Pitch Spin Rate Velocity
FC 1948.46 94.60
FF 2549.80 96.51
FT 2597.30 96.02

FC: cut fastball, FF: four-seam fastball, FT: two-seam fastball

WIth Ventura's prodigious heat comes even more prodigious spin rates; large amounts of force generated by his arm, in particular, the wrist flexors and extensors, to go along with a good amount of forearm pronation and supination (depending upon the type of pitch thrown) all culminate in a pitch with a lot of bite. Add his top-20 horizontal and vertical pitch movements on each of his fastballs (per FanGraphs) to this velocity and spin rate data, and the notion that with every pitch, Ventura's elbow is at high risk for suffering the effects of VEO isn't far fetched, with concerns over his body type only adding fuel to the fires of concern that he is at increased risk for suffering an injury.

Taking these thoughts into consideration, let's look at some snapshots of Ventura's ability to generate high-octane pitches from a combination of spin rate and movement, across pitch type and inning; first spin rate and horizontal movement:


For reference, colored lines are the average spin rate for each pitch type in a given inning in this and the following plots. Here, we find that Ventura's spin rate, especially for his fourseamer (FF), shows some decrease as a function of inning pitched in conjunction with less movement, potentially showing an effect of fatigue. This effect is not as drastic in the cut fastball (FC) data or the changeup, but is nonetheless seen.

Now, vertical movement data:


VMov data shows some of the same characteristics of the HMov data; however, FF data doesn't appear to suffer as dramatically from a movement perspective, but still exhibits a slow drop in spin rate as the game progresses. While showing some inconsistency across inning, Ventura's curveball appears to be somewhat stable with respect to the variables discussed.

Let's now visualize the data on a per-game basis, to see if there were any signs of potential fatigue of change in spin rate of pitch movement before Ventura's last start. First, HMov data:


From the per-game perspective, we don't see much as it pertains to the fastball, which typically generates the greatest amount of force and potential for VEO symptoms—after a couple of starts with consistent decreased spin rates, Ventura had closer to normal spin rates his last two games prior to his injury, with a greater disparity between the fastballs and his curveball. Some movement on the fastball was lost in more recent games, with less variability seen in the variable. His curveball does show a gradual drop in average spin rate, equating to some loss in tilt.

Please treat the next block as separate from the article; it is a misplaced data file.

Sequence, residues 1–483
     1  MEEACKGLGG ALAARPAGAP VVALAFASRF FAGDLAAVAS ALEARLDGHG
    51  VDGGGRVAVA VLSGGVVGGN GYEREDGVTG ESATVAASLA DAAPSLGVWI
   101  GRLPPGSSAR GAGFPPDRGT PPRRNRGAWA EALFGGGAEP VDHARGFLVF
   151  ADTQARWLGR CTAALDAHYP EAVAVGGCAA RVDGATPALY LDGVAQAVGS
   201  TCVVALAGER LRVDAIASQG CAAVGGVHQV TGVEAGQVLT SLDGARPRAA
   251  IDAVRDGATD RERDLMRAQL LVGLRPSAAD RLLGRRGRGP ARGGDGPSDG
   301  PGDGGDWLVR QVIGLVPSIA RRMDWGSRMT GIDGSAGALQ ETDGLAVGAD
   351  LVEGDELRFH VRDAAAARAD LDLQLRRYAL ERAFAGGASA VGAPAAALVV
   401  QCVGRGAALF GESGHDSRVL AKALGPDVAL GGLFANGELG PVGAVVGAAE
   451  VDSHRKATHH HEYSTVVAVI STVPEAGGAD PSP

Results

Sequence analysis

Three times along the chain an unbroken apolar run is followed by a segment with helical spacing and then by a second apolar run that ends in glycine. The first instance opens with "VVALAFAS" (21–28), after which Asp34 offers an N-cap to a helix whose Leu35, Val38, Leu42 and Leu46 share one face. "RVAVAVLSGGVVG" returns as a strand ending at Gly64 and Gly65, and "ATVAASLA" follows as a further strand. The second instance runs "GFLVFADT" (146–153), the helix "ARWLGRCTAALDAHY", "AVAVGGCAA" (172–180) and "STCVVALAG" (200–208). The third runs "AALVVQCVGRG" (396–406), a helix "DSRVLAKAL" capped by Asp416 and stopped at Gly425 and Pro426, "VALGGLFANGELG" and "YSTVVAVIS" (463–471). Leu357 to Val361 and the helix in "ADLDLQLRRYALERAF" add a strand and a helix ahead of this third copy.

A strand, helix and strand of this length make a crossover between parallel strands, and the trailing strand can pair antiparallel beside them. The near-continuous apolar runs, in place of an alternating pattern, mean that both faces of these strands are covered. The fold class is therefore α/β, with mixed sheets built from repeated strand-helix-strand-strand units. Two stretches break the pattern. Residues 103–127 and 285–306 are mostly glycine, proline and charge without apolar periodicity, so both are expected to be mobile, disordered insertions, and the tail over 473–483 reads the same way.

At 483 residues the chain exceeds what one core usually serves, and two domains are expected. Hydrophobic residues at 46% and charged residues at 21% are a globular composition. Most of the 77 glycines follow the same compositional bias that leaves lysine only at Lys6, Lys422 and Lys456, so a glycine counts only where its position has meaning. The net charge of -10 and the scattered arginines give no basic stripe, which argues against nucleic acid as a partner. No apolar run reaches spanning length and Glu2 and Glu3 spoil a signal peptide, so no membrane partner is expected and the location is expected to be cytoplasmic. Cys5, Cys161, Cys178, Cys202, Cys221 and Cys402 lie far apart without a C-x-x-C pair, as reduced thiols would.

How are things from a VMov perspective, game-to-game?


We again see the spin rate drop off in the curveball, coinciding with loss in movement. Fastball results show some inconsistent outcomes, but overall, the game Ventura sustained his injury looks an awful lot like his first outing of the season. Also of interest is Ventura's increased use of a two-seam fastball in place of his cutter in recent starts.

While Ventura's arm strength will never be doubted, his ability to endure the amounts of torque and force required to generate high-90's to triple digit heat for 3000+ pitches a season will be crucial to his ultimate fate and his long term health status. While the data shown did reveal a few subtle changes in spin rate and movement in some of his pitches over the course of his season that might trend with Ventura suffering from a fatigued arm, the addition of other variables, in particular, release point information, could provide improved insight into the injury. Even with these considerations, the pathophysiology of VEO is more consistent with his setback being sustained and aggravated over a considerable amount of time.


Data courtesy of Baseball Savant and Brooks Baseball.

Stuart Wallace is an associate managing editor and writer at Beyond The Box Score. You can follow him on Twitter at @TClippardsSpecs.